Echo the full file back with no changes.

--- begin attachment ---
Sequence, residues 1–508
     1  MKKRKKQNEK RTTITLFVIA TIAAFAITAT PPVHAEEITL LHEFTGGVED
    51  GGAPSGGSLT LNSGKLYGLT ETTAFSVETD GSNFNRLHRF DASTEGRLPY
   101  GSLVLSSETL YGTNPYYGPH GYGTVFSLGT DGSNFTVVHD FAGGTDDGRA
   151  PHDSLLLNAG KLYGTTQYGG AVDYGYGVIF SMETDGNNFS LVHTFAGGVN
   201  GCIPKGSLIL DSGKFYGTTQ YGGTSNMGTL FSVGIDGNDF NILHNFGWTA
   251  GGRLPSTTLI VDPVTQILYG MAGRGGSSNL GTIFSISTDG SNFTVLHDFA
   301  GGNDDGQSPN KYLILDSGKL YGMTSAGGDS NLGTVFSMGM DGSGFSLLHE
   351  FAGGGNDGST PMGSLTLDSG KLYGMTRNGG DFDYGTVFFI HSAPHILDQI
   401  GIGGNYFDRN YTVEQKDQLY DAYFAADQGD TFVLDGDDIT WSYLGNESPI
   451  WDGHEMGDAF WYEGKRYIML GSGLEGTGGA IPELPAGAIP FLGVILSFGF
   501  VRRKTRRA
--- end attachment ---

Sequence, residues 1–508
     1  MKKRKKQNEK RTTITLFVIA TIAAFAITAT PPVHAEEITL LHEFTGGVED
    51  GGAPSGGSLT LNSGKLYGLT ETTAFSVETD GSNFNRLHRF DASTEGRLPY
   101  GSLVLSSETL YGTNPYYGPH GYGTVFSLGT DGSNFTVVHD FAGGTDDGRA
   151  PHDSLLLNAG KLYGTTQYGG AVDYGYGVIF SMETDGNNFS LVHTFAGGVN
   201  GCIPKGSLIL DSGKFYGTTQ YGGTSNMGTL FSVGIDGNDF NILHNFGWTA
   251  GGRLPSTTLI VDPVTQILYG MAGRGGSSNL GTIFSISTDG SNFTVLHDFA
   301  GGNDDGQSPN KYLILDSGKL YGMTSAGGDS NLGTVFSMGM DGSGFSLLHE
   351  FAGGGNDGST PMGSLTLDSG KLYGMTRNGG DFDYGTVFFI HSAPHILDQI
   401  GIGGNYFDRN YTVEQKDQLY DAYFAADQGD TFVLDGDDIT WSYLGNESPI
   451  WDGHEMGDAF WYEGKRYIML GSGLEGTGGA IPELPAGAIP FLGVILSFGF
   501  VRRKTRRA